Smyrna and Philadelphia, the two faithful churches

In the second and third chapters of Revelation, the Lord Jesus speaks to seven churches located in Asia Minor. These seven churches represent all churches that will exist between Pentecost and the Second Coming. Five of the churches receive a rebuke from the Lord and are called to repent, but two churches, Smyrna and Philadelphia, receive only commendation. These two represent the faithful churches in the time between the advents. What can we learn from them?

SMYRNA – FAITHFUL UNTO DEATH (REVELATION 2:9-10)

“And to the angel of the church in Smyrna write:

The first and the last, who was dead, and has come to life, says this:

‘I know your tribulation and your poverty (but you are rich), and the blasphemy by those who say they are Jews and are not but are a synagogue of Satan. 10 Do not fear what you are about to suffer. Behold, the devil is about to cast some of you into prison, so that you will be tested, and you will have tribulation for ten days. Be faithful until death, and I will give you the crown of life.

This church is experiencing suffering and persecution, both physically and financially. They are in tribulation and in material poverty, although the Lord declares that they are, in fact, rich in spiritual blessings. Verse 10 is the key verse.

“Do not fear what you are about to suffer.” Jesus told His followers that persecution is a privilege. In Matthew 5:10-12, the Lord tells us that we are blessed if we are persecuted for the sake of righteousness. Insults and persecution and evil reports are blessings, so we are to rejoice and be glad. This is the story of the entire New Testament. The faithful followers of Jesus will suffer for His name.

In Matthew 10, Jesus teaches the same thing as He talks about the difficult path of discipleship. “Do not fear those who kill the body but are unable to kill the soul; but fear Him who is able to destroy both soul and body in hell” (Matthew 10:28).

Peter tells us that we are not to be surprised by fiery trials (1 Peter 4:12). These are normal for the Christian. We are to rejoice when we share the sufferings of Christ (4:13). Are you reviled for Christ? Then you are blessed (4:14). Peter and the other apostles rejoiced when they were considered worthy to suffer shame for Jesus’ name (Acts 5:41).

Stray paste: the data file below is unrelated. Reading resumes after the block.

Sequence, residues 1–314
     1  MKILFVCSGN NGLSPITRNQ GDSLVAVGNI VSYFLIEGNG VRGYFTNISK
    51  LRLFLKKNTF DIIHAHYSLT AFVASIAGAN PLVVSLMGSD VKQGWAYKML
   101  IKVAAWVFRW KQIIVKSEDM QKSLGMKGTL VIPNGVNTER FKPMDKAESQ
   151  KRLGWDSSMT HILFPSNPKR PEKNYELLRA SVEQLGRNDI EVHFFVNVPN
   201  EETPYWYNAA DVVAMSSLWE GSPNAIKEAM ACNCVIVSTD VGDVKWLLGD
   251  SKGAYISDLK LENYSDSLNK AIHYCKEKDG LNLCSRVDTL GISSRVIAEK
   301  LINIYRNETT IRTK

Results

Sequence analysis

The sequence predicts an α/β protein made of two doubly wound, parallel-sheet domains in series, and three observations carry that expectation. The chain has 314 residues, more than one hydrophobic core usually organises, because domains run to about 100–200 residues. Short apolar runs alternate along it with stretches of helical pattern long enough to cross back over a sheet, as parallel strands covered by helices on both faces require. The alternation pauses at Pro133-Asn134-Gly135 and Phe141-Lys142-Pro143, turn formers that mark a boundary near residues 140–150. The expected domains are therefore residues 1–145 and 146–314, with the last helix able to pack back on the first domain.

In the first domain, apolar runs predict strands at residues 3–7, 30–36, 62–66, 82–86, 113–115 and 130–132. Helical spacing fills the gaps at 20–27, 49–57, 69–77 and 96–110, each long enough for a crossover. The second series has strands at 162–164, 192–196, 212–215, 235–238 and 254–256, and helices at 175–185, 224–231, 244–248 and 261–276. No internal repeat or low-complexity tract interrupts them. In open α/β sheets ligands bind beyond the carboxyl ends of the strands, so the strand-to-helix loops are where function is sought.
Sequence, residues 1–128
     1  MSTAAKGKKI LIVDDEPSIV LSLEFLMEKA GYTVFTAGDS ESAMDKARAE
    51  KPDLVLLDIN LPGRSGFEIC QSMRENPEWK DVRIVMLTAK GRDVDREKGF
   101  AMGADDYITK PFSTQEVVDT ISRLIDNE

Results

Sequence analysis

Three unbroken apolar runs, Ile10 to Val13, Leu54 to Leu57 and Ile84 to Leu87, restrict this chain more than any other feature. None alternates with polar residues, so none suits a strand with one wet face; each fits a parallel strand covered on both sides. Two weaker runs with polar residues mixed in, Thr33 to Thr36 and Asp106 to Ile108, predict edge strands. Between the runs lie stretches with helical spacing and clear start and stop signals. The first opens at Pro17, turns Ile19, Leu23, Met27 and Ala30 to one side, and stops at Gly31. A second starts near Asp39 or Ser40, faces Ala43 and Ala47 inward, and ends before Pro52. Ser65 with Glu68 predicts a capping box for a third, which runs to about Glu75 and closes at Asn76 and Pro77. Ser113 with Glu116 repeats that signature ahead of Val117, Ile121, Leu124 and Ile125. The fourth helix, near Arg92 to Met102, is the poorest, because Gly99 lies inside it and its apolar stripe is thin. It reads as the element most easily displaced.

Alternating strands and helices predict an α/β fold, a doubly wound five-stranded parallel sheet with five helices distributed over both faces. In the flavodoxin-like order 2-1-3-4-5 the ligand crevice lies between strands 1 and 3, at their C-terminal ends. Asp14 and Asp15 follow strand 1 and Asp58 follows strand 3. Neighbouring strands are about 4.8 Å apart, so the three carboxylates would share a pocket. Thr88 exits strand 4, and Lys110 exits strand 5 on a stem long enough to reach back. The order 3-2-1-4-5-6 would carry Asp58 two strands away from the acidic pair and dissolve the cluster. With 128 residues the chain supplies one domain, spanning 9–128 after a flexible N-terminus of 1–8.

Because of Jesus, a disciple does not fear suffering, even when confronted with death.

“The devil will cast some of you into prison so that you will be tested, and you will have tribulation for ten days.” Jesus is speaking figuratively to future martyrs, telling them that they will be tested by prison and tribulation. They will be tested severely, and the aim of the testing is to have them deny Christ and to recant their testimony. With threats of prison and torture and death, the agents of the devil will apply the flame of persecution to those who are faithful to Jesus Christ solely so they will deny Jesus.

“Be faithful until death, and I will give you the crown of life.” For this church, Jesus’ is almost certainly calling them to endure their persecution until they are killed. This church carries the banner of martyrdom for the persecuted church for this present evil age.

But while the church of Smyrna represents those who are faithful until martyrdom, “being faithful until death” is the required attitude of all faithful churches till the end of the age. The faithful church, and of course, the faithful believer, has unconditionally resolved to be faithful until death. So, Smyrna shows us the suffering church.

PHILADELPHIA – NOT DENIED JESUS’ NAME (REVELATION 3:8-11)

The church in Philadelphia was also undergoing persecution for Jesus’ name, but their persecution was not as severe as that of Smyrna. In the midst of opposition by those of the synagogue of Satan (Revelation 3:9), these believers “have kept My word and have not denied My name” (3:8). Like Smyrna, they have felt the flames of persecution, and, like Smyrna, they have proven to be faithful. “Because you have kept the word of My perseverance, I also will keep you from the hour of testing,” that hour which is about to come upon the whole world to test those who dwell on the earth” (3:10).

Notice that Philadelphia was not persecuted as severely as Smyrna, and Philadelphia was spared from “the hour of testing,” yet the church in Philadelphia received the same reward as Smyrna. Both received a crown (Rev. 2:10; 3:11). In His divine sovereignty, God gives to some believers severe testing even unto martyrdom, while for others He spares them from severe persecution and keeps them from the hour of testing. In God’s divine economy, some believers are considered worthy of suffering greatly for the name of the Lord and some believers are given a much lighter cross to bear. Only the Lord knows why.

Your path may be similar to that of the church in Smyrna, such that the Lord gives you severe testing and calls you to be faithful through suffering unto martyrdom. Or He may spare you from the hour of severe testing and may give you a relatively light cross. In any case, there are three things to learn from this study.

  1. Not all churches or believers are commended. In fact, the majority are rebuked and called to repent. Make it your ambition to live a life that the Lord Jesus does not need to rebuke, a life that will give you the reward of the crown of life.
  2. Like the church at Smyrna, all believers are called to be faithful until death. Resolve now that there will be no suffering that will cause you to forfeit your crown. Endure the testing and be faithful until death.